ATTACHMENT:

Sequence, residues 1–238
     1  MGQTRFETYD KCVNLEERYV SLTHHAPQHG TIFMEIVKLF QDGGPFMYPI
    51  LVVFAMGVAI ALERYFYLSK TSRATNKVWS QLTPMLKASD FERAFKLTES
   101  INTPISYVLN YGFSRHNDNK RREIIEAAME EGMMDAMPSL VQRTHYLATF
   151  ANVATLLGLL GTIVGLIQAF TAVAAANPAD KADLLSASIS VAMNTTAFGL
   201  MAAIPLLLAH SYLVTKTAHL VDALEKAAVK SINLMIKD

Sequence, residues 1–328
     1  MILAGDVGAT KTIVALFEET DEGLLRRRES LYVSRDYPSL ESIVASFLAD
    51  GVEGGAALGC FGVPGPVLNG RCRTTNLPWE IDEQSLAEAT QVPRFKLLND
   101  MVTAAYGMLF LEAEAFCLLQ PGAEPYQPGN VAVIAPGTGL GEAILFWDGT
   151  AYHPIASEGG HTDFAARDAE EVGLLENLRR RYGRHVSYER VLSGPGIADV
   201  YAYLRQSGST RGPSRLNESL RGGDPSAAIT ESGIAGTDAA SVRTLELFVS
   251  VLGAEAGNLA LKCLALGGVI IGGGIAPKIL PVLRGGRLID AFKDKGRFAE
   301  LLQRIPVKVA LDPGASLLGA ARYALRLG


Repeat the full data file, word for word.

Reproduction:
Sequence, residues 1–238
     1  MGQTRFETYD KCVNLEERYV SLTHHAPQHG TIFMEIVKLF QDGGPFMYPI
    51  LVVFAMGVAI ALERYFYLSK TSRATNKVWS QLTPMLKASD FERAFKLTES
   101  INTPISYVLN YGFSRHNDNK RREIIEAAME EGMMDAMPSL VQRTHYLATF
   151  ANVATLLGLL GTIVGLIQAF TAVAAANPAD KADLLSASIS VAMNTTAFGL
   201  MAAIPLLLAH SYLVTKTAHL VDALEKAAVK SINLMIKD

Sequence, residues 1–328
     1  MILAGDVGAT KTIVALFEET DEGLLRRRES LYVSRDYPSL ESIVASFLAD
    51  GVEGGAALGC FGVPGPVLNG RCRTTNLPWE IDEQSLAEAT QVPRFKLLND
   101  MVTAAYGMLF LEAEAFCLLQ PGAEPYQPGN VAVIAPGTGL GEAILFWDGT
   151  AYHPIASEGG HTDFAARDAE EVGLLENLRR RYGRHVSYER VLSGPGIADV
   201  YAYLRQSGST RGPSRLNESL RGGDPSAAIT ESGIAGTDAA SVRTLELFVS
   251  VLGAEAGNLA LKCLALGGVI IGGGIAPKIL PVLRGGRLID AFKDKGRFAE
   301  LLQRIPVKVA LDPGASLLGA ARYALRLG